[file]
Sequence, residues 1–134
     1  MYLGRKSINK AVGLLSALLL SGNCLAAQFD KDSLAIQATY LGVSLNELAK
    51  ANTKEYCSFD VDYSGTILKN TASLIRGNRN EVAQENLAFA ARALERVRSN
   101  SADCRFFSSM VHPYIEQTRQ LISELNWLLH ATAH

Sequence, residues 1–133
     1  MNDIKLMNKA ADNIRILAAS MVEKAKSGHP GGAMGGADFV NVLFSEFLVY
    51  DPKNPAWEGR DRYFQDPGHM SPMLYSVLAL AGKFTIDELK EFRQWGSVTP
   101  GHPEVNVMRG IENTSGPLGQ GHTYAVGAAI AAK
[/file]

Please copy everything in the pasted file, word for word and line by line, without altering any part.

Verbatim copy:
Sequence, residues 1–134
     1  MYLGRKSINK AVGLLSALLL SGNCLAAQFD KDSLAIQATY LGVSLNELAK
    51  ANTKEYCSFD VDYSGTILKN TASLIRGNRN EVAQENLAFA ARALERVRSN
   101  SADCRFFSSM VHPYIEQTRQ LISELNWLLH ATAH

Sequence, residues 1–133
     1  MNDIKLMNKA ADNIRILAAS MVEKAKSGHP GGAMGGADFV NVLFSEFLVY
    51  DPKNPAWEGR DRYFQDPGHM SPMLYSVLAL AGKFTIDELK EFRQWGSVTP
   101  GHPEVNVMRG IENTSGPLGQ GHTYAVGAAI AAK